In 1983, President’s Rule was imposed. A number of peace initiatives and negotiations were attempted, but failed due to lack of political will out of fear losing the Hindu vote banks. Meanwhile, Bhindernwale wrested the initiative and control inside the Golden Temple after a bitter struggle with Longowal and the high priests, and entrenched himself for the final showdown. The last minute negotiations between Tohra and Bhindernwale failed with the emergence of Hindu Suraksha Samiti. At this stage, Longowal issued the call for a bandh to prevent the transfer of food grains. It forced the government to issue orders to the army to conduct operations inside the Golden Temple.

The army conducted Operation Blue star between 4 and 7 June 1984. Longowal, Tohra and Harmandir Singh Sandhu of AISSF along with 400 others surrendered. Bhindernwale was killed. The Sikhs all over the world mourned. Yet, violence did not recede.

On 9 June 1984, Jagjit Singh Chauhan called upon patriotic Sikhs to rise up and assassinate Indira Gandhi, her son Rajiv and the senior military officers who conducted the operation. He organised Sikh terrorist groups under the aegis of the World Sikh Organisation founded in New York in July 1984, as a response to the desecration of the Golden Temple, based on Sikhs residing in five foreign nations: USA, Canada, Great Britain, Norway and Holland. Others to attend the convention were: Kashmir Liberation Front, Tamil separatist organisations and Afghan Mujahedeen.

The Sikh extremists struck on 31 October 1984. Indira Gandhi’s Sikh bodyguards murdered her and the Hindus mourned. Some of the Sikhs rejoiced. The high priests, who condemned the act first, withdrew it 24 hours later accentuating the estranged feelings. Then broke out Hindu-Sikh communal riots in Delhi and in other places led by Congress (I) activists. Fortuitously, Sikh extremists maintained a low profile in Punjab. Apprehending police brutalities, a large number of youth crossed over to Pakistan, - where they were indoctrinated, trained and issued weapons by Pakistan’s ISI.

All-important Akali leaders, except P.S. Badal, were arrested. It created a void in the Akali leadership and led to its splinterization and marginalisation. Thus, when the central government attempted its political initiatives by releasing Akali leaders, it did not dramatically alter' the situation. Attempted reunification of Longowal and Talwandi groups failed to materialise. Instead, a truncated United Akali Dal (UAD) under Baba Joginder Singh (father of Bhindernwale) emerged.

Meanwhile, the terrorist strategy was simple. It aimed at teaching a lesson to anyone attempting at negotiating an accord with the central government. In January 1985, terrorists attacked Giani Kirpal Singh, the head priest of Akal Takht, in broad daylight and inflicted serious injuries. However, he survived.

Ultimately, the Rajiv-Longowal Accord was signed in July 1985. It became a non-starter due to the factional politics of the Akali Dal. Even Badal and Tohra denounced and refused to endorse the Accord in the party meeting. Such was the awesome might of the militant’s gun. It was followed by Longowal assassination on 20 August 1985, which naturally imposed caution even amongst the moderates.

None the less, Longowal Akali Dal won the elections in September 1985. Barnala became the party leader and the Chief Minister instead of Badal. The TADA (Terrorist and Disruptive Activities) Prevention Act 1985 was promulgated to counter terrorist menace.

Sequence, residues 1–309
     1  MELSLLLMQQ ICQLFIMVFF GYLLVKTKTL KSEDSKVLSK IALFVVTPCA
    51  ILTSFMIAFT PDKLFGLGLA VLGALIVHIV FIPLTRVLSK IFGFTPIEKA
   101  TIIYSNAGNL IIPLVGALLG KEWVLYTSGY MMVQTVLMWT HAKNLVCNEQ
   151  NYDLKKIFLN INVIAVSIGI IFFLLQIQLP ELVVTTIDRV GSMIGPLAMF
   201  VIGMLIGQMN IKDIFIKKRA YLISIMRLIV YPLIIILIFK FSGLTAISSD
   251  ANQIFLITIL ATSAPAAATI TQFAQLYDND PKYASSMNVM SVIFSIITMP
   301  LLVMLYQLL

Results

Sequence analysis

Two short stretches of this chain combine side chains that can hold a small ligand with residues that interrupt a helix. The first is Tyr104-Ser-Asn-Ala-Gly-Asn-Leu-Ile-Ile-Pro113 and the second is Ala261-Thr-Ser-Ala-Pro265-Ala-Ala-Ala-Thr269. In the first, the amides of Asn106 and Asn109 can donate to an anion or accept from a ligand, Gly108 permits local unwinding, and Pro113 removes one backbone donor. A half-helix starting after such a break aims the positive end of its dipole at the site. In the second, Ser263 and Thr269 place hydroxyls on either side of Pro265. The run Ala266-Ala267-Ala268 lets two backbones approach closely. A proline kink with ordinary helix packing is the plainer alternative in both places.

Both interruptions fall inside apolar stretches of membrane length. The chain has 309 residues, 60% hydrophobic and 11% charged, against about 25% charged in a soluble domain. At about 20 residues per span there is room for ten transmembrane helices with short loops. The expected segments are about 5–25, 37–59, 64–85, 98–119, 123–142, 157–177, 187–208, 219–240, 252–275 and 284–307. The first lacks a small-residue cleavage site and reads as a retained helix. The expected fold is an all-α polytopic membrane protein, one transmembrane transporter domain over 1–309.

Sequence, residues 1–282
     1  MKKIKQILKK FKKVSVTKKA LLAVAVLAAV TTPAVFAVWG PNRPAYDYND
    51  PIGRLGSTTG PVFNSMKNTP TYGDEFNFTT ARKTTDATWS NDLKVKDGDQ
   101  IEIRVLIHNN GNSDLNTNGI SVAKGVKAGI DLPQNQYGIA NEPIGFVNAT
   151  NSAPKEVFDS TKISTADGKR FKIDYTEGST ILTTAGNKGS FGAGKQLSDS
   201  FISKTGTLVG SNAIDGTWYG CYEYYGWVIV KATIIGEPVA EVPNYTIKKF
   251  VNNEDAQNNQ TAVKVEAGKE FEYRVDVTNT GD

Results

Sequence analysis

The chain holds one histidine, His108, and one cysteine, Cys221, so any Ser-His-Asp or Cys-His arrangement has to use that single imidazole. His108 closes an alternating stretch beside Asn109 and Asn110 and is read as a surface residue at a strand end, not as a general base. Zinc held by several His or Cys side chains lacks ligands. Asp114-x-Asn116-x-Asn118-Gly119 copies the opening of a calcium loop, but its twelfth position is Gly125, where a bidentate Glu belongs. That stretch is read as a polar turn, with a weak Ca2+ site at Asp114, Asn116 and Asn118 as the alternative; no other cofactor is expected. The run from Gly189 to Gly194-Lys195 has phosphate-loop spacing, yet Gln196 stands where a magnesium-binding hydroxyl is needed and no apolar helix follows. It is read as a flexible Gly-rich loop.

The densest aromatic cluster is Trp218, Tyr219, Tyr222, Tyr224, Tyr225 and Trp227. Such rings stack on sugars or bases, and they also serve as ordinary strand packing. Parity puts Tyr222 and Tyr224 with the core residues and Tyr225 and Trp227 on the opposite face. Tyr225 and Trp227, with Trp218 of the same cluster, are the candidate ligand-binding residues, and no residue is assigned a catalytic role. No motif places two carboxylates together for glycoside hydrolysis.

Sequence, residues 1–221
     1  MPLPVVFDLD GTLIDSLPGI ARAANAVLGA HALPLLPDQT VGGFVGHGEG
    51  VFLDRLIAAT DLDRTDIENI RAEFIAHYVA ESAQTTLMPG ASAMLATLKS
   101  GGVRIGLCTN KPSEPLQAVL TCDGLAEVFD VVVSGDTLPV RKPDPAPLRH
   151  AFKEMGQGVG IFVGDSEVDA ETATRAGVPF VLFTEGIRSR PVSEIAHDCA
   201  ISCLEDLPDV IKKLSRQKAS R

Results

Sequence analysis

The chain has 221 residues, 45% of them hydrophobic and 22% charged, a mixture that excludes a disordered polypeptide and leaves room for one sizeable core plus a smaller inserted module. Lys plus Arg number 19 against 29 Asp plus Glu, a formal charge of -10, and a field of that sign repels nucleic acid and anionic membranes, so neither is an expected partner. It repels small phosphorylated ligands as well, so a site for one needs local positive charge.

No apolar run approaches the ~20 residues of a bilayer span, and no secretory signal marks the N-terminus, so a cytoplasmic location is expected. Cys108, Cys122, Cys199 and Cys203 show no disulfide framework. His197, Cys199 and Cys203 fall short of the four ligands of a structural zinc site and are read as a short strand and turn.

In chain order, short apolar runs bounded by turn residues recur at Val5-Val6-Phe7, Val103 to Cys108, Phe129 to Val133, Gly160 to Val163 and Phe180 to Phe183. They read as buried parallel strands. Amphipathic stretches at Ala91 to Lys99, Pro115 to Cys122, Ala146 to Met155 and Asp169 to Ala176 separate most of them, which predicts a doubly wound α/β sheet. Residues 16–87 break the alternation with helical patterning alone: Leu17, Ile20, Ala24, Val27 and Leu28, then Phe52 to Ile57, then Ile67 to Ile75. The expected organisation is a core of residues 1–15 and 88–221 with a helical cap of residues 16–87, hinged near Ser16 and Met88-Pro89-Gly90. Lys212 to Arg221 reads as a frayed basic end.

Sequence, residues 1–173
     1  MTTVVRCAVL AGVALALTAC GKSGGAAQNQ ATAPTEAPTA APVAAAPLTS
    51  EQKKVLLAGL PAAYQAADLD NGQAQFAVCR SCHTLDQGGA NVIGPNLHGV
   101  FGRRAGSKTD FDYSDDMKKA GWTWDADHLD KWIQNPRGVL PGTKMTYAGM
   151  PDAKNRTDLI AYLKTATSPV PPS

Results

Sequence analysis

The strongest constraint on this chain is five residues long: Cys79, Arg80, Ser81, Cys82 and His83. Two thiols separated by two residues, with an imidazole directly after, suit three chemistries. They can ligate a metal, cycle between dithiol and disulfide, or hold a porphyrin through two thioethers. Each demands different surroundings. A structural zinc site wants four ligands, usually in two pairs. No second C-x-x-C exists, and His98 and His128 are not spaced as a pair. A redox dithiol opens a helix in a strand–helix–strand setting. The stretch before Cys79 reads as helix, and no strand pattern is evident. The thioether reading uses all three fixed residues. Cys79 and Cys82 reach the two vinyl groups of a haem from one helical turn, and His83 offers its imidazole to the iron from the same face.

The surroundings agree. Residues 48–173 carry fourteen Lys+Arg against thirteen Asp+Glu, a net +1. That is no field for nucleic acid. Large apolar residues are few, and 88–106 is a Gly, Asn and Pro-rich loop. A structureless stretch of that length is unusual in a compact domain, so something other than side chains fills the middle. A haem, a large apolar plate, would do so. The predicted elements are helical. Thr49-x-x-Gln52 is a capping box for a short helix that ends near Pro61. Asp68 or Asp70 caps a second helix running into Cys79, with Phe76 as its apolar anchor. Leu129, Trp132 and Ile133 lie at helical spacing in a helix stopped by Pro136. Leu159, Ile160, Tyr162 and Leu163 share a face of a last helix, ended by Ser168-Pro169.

Meanwhile, both the SGPC and the Akal Takhat were, once again, taken over by the radicals of the Damdam Taksal and the AISSF. In November 1985, Giani Sahib Singh, the head granthi of the Golden Temple, was shot within the Golden Temple complex on the morning of Guru Nanak’s birthday. But, he survived. Next, the militants dismissed the moderate religious leadership for their alleged collaboration with the government and passed excommunication orders against Zail Singh, the president of India, and Buta Singh, the home minister, at a truncated Sarbat Khalsa Convention on 26 January 1986. The combined militant groups selected a Panthic Committee as an apex body. However, moderates held yet another Sarbat Khalsa at Anandapur and revoked the orders issued by the radicals. At such a crucial stage, Badal walked out of the Akali Dal (Longowal) to form a separate group.

In April 1986, Operation Black Thunder, a police action, was launched inside the Golden Temple, when the Panthic Committee (Militant-sponsored religious leadership) announced the declaration of a separate state of Khalistan and proclaimed its intention to seek a UN seat. Meanwhile on 10 August 1986, General A.S. Vaidya, former chief of army staff, was shot dead in broad daylight in Pune. On 3 October 1986, there was an attempt made to kill Ribeiro, the DGP, at the Punjab Armed Police Campus, in Jullundur.

Meanwhile, Barnala’s image suffered a blow when his candidate was defeated in the SGPC elections in November 1986. Tohra was re-elected as, its president with Badal’s support. In December 1986, both Tohra and Badal were arrested to neutralise their increasing power potential, which only assisted the growth of militancy.

Next, the high drama of removal of high priests of religious institutions was enacted. Prof. Darshan Singh Ragi was appointed as the head priest of Akal Takhat. The newly appointed head priests issued the Hukumnama ordering Akali leaders to submit their resignations to refacilitate the formation of UAD. In response, both Badal and Joginder Singh submitted their resignations, whereas Barnala refused. So, the head priests declared him Tankhaiya and excommunicated him. In May 1987, the President’s rule was re-imposed.